Scotland Yard will undertake an internal review of hundreds of hours of police footage recorded during the G20 protests to identify if any further incidents require investigation.
Commissioner Sir Paul Stephenson said officers will look for any further matters that "warrant investigation" as trouble flared between demonstrators and police.
The senior officer also called in Government inspectors to review controversial public order policing tactics, including the "kettling" of large groups for long periods of time.
Her Majesty's Chief Inspector of Constabulary, Denis O'Connor, will lead the review of tactics which have been fiercely criticised in the aftermath of the protests.
Sir Paul also said officers must always display shoulder identification numbers after claims two suspended territorial support group officers were not wearing them.
He said: "G20 was a complex policing operation, managing the movement and protection of many heads of state across the capital while balancing the right to lawful protest and maintaining public order for many thousands of people.
"It is also the case that a number of complaints have been raised in relation to the tactic of containment and as to whether this achieves that balance. I want to be reassured that the use of this tactic remains appropriate and proportionate.
"Separately, I have already expressed my concern that the video footage of some police actions are clearly disturbing and should be thoroughly investigated.
"As well as the post-event investigation into those responsible for violence and disorder, I have also ensured that footage in police possession is reviewed to identify any other matters of individual police conduct that may warrant investigation.
"One matter that I also want to make clear is that uniformed police officers should be identifiable at all times by their shoulder identification numbers.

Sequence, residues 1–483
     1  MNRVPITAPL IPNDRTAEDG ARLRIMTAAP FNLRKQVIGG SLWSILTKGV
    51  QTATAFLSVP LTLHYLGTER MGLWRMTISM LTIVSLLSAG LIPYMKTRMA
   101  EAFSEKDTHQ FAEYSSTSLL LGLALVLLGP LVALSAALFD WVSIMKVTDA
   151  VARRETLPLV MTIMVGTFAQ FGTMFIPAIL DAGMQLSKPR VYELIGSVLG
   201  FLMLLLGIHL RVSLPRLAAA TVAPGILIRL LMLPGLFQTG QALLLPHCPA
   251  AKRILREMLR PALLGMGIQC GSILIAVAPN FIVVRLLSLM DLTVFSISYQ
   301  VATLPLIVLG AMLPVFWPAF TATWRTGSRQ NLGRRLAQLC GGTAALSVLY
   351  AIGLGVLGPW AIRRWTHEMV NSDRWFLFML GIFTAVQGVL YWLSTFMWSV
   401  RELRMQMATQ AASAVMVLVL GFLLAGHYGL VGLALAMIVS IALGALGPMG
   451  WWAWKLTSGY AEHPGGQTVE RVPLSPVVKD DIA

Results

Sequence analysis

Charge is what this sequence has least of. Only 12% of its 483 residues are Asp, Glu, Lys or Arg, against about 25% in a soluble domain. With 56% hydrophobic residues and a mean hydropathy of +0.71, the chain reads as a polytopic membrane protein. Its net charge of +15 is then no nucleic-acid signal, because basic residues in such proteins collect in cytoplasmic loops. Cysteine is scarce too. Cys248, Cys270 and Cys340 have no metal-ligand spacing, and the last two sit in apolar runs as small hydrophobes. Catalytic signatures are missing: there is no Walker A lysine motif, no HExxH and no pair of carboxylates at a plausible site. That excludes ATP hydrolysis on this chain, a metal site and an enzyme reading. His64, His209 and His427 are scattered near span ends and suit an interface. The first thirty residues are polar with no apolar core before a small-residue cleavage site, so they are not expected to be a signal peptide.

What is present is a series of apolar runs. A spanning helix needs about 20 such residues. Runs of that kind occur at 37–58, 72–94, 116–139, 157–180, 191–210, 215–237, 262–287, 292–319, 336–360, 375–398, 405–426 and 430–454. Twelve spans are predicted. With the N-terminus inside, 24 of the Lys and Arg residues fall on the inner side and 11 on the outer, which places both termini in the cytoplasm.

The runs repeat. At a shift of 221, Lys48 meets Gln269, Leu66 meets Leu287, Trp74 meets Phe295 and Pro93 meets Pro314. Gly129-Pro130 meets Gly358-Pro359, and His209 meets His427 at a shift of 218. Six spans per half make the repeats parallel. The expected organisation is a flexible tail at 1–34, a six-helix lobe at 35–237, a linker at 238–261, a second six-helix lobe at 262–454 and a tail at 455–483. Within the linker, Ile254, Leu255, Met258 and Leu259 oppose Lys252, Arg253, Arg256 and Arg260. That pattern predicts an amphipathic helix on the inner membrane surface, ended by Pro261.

"The public has a right to be able to identify any uniformed officer whilst performing their duty. We must ensure this is always the case."
A spokeswoman for London Mayor Boris Johnson said: "There are clearly concerns about some aspects of the policing of the G20 protests and these are rightly being independently investigated by the IPCC.
"The Mayor fully supports the Commissioner's decision to ask HMIC to carry out a review of the G20 policing tactics. The Metropolitan Police Authority (MPA) will discuss the policing of G20 at its next meeting on April 30.
"Throughout the G20, the Mayor was in regular contact with the Commissioner and was satisfied overall that disruption was minimal and that thousands were able to exercise their right to peaceful protest."
Kit Malthouse, who is vice chairman of the MPA, welcomed Sir Paul's "swift and decisive action".
He said: "It is vital that the police retain the trust of Londoners and a thorough review by the HMIC will be crucial to help inform conclusions about how public order events should be policed in the future.
"The most recent footage of G20 is alarming and I also fully support the Commissioner referring the matter to the IPCC and suspending the officer concerned pending the outcome of the independent investigation.
"The MPA has already convened an urgent meeting of its members to review tactics employed during G20 protests and will be questioning the Commissioner about this matter in public at its meeting on 30 April.
"While we take this matter extremely seriously, it is worth pointing out that the Metropolitan Police are responsible for maintaining public order during dozens of protests throughout the year.
"The vast majority pass off peacefully, and the recent demonstration by the Tamil community in Parliament Square is an example of this.
"Nevertheless we cannot afford to skate over even isolated incidents and must get to the truth and learn the lessons of both this incident, that involving Ian Tomlinson, and the G20 generally."